When a UA specialist optimizes campaigns manually, they rely on aggregate data and averages to analyse performance & then take actions. On the other hand, because of the amount of first-party data they have, platforms like Facebook & Google, know how each individual user is valued before they are even targeted.

“On Facebook this month, Italy is seeing a ROAS D7 of 30% versus our target of 40%”.

A logical action when a UA manager is optimizing manually might be to decrease investments in Italy or even pause activity there completely. Knowing how the Facebook algorithm works, wouldn’t it be more efficient & effective to give Facebook the power to optimize & target only the high value users in Italy which contributed to this ROAS? One way to do that for this specific example is to bundle up Italy in a campaign with a larger pool of GEOS, so that the Facebook algorithm can have a big enough audience to “cherry pick” & target the high value users we want at the scale that we want.

It is not to say the broader the targeting, the better because the algorithms will have more data. On the one hand we want them to have, through aiming for a large audience, enough data to be as effective as possible in their targeting, but on the other hand, we want:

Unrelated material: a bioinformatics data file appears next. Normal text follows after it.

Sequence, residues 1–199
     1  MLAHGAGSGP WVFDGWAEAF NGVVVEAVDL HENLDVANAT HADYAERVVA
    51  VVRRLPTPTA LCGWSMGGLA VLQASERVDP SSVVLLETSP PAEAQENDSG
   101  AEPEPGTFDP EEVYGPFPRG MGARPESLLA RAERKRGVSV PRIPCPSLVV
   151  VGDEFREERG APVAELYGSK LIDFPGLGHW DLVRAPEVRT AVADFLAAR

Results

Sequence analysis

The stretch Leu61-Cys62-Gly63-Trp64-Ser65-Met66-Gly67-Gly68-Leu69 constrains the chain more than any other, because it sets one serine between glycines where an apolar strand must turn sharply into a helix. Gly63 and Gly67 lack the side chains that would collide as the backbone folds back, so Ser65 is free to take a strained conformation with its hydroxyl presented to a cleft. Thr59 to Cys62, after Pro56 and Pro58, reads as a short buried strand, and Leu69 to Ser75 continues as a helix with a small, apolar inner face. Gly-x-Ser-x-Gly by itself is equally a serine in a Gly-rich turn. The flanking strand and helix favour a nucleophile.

1. To set some kind of boundaries in audience definition to slightly guide the machine.

2. To apply some targeting layers to be able to tailor our message & creative.

Marketers need to constantly try & keep the right balance between narrow and broad targeting throughout their UA activity.

1. Setting boundaries to guide the machine

The platforms’ algorithms cannot effectively operate 100% autonomously. Of course, some platforms work more autonomously than others. For instance, Google, famously being called a “black box”, gives marketers less levers to “guide the machine” than Facebook, especially regarding audience size. But still, both platforms do, in different ways. UA managers need to think of audience sizes as a way to set boundaries & slightly guide the algorithms in their optimizations.

We could take a few of the questions we asked ourselves in the beginning of this blog post in order to illustrate this idea: